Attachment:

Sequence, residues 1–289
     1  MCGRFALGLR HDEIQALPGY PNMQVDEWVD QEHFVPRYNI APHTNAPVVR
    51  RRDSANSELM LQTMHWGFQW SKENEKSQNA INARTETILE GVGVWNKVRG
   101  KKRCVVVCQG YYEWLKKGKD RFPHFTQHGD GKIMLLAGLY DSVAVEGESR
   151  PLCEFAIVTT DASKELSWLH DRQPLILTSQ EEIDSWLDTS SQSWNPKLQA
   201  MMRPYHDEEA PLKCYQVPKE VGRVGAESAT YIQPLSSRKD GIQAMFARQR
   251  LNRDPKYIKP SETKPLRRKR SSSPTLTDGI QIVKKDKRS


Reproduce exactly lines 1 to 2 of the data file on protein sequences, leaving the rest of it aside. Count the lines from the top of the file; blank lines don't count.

Sequence, residues 1–289
     1  MCGRFALGLR HDEIQALPGY PNMQVDEWVD QEHFVPRYNI APHTNAPVVR